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Reviews

Papo & Yo

Andy Robertson

Minority
Playstation 3

Papo & Yo
wears its more-than-entertainment credentials on its sleeve. It's a game about the fear and pain of growing up with an abusive and alcoholic father. Unlike other games I've reviewed here, I know this to be so not because of what I've read into the experience but because that's what its creator Vander Caballero has been vocal about in the build up to release.

My journalistically hard heart was a little suspicious of such earnest postulating before I played the game. Apart from anything else, Papo & Yo's novelty is an indictment of the current state of video games - both what we expect of them and what they try to offer.

The game itself is not unlike the companioned exploration of Ico or spatial puzzles of the Lego games. It's a platform game in the main, meaning you are tasked with exploring the world, triggering switches, lining up boxes, running and jumping. But unlike other platform games it is the relationships to the other characters in the otherwise sparse Brazillian favela environment that define the experience.

You play Quico, a young boy who is tasked with herding a large red monster with a fiery temper through the world. A young flighty girl, Alejandra, guides you towards a mountain top where the monster's anger will be sated. Then there is a toy robot, Lula, who travels on your back helping you jump further.

Through conversation, body language and fleeting interactions these four became a family unit in my head - son, father, mother and sister. The characters were odd but their discourse could have been lifted from any day of my own family's life. Who is in control? Do you know me? How long will this last? I need my space. I need you near. How do I leave? What if we break this?
While the game uses interaction and storytelling to firmly stick to its specific and heartbreaking scenario of domestic abuse, its success for me is beyond these borders. In addressing his childhood so honestly and openly, Caballero confronts us not only with the horror and pain of his situation but also our own familial failings. We hurt each other when we'd planned to take care, we lose control at just the wrong moment and we fail at being what we imagine a family should be.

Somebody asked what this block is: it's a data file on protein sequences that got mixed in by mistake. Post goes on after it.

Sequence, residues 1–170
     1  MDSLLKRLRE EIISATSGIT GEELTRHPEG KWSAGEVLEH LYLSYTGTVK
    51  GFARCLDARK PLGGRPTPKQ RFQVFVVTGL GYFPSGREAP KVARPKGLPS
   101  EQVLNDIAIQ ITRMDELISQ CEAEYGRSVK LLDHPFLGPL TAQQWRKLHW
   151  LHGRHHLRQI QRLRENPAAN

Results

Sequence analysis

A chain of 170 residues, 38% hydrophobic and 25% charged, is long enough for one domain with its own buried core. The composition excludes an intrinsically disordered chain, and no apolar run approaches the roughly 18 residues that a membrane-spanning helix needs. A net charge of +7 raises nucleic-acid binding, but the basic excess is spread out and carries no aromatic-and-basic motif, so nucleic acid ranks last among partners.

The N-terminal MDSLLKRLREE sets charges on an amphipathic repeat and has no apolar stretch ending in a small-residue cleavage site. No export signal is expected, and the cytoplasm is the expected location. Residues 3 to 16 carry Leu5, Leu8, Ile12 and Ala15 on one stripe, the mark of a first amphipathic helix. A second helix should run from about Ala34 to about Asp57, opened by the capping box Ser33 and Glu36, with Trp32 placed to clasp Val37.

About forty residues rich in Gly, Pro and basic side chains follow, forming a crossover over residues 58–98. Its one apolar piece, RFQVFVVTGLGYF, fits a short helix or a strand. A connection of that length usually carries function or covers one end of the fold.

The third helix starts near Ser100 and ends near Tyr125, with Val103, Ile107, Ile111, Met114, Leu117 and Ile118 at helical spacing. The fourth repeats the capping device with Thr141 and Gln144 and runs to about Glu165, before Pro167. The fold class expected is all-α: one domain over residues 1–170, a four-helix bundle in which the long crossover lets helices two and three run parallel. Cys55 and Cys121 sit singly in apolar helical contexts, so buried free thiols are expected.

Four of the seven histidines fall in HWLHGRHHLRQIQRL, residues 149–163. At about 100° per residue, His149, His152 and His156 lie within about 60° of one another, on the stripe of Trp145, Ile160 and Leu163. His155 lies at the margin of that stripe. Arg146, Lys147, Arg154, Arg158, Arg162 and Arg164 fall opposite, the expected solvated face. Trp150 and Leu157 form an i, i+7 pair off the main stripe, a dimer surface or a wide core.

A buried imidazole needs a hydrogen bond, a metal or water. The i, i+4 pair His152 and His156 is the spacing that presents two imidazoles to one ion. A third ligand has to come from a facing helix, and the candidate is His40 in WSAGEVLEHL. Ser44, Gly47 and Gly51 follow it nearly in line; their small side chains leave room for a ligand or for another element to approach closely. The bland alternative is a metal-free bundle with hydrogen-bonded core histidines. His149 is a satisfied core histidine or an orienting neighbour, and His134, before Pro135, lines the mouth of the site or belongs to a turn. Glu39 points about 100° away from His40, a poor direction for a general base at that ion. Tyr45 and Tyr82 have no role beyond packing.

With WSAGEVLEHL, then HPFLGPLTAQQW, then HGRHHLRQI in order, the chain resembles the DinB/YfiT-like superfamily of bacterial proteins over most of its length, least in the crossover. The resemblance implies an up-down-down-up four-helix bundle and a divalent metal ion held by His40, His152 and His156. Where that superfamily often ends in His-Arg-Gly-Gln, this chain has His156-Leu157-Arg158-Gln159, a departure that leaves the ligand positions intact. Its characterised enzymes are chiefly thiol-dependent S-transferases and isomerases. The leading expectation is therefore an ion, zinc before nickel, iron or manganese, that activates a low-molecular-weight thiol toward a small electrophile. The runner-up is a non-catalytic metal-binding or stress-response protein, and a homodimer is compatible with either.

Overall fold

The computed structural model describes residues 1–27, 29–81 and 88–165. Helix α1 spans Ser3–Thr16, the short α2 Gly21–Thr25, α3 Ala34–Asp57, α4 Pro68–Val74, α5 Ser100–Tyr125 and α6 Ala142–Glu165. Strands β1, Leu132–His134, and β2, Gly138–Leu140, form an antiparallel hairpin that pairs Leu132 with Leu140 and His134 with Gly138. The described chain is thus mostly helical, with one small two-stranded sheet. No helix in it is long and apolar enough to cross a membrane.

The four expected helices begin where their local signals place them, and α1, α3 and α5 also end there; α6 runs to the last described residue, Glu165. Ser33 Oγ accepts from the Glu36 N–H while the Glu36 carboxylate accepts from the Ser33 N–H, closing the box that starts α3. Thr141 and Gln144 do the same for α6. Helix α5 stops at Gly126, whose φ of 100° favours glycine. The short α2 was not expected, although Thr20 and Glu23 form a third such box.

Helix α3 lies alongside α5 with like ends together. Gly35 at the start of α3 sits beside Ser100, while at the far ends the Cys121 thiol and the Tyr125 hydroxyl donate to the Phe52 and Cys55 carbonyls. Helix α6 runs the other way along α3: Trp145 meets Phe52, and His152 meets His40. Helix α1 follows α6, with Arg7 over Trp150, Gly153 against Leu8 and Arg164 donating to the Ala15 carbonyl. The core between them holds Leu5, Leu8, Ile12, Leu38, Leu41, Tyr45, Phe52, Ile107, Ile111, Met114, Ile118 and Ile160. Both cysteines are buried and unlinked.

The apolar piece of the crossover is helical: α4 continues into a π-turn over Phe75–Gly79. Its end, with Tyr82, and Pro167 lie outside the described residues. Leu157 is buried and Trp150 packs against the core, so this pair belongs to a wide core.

So when Caballero, through Quico in the game, stares into the abyss and realises that 'sometimes there are things you can't fix' it resonated for me as well. We inherit our family situations before we are even conscious of them. They threaten to define us as much as nurture who we are. They are the great tension of life, the people we can never quite leave behind.

But sometimes the failure or abuse is so great there is nothing left to do but leave. It is around this fractured family that Papo & Yo revolves. It's the gaming equivalent to God's capture by the Philistines when they take the Ark. He finally reaches the point with his people, his family, where the only remaining response was to leave and to be lost.

In the game, unlike our habitual reading of Samuel, we are unable to skip to the morning after. We have to stay and play in the knowledge that absence from the family may be the only appropriate decision. However, in the darkness of that choice we find imagination and playfulness as our ally. The world of Papo & Yo has a playroom quality to it that eloquently speaks of Quico's heartbreaking coping mechanism and the power of dreams to create possibilities.

By the end of the game, I had not only reconsidered the breaking points of family life, but had revisited my own less extreme childhood and recalled how I coped with it all. At other times my thoughts were turned to my own children's playful engagement with life and jostling with family relationships. I renewed my desire not to inoculate them from hurt, danger and harm but to equip them to deal with it, and with that admit that some of their difficulties would inevitably come from me.

Andy Robertson

www.gamepeople.co.uk

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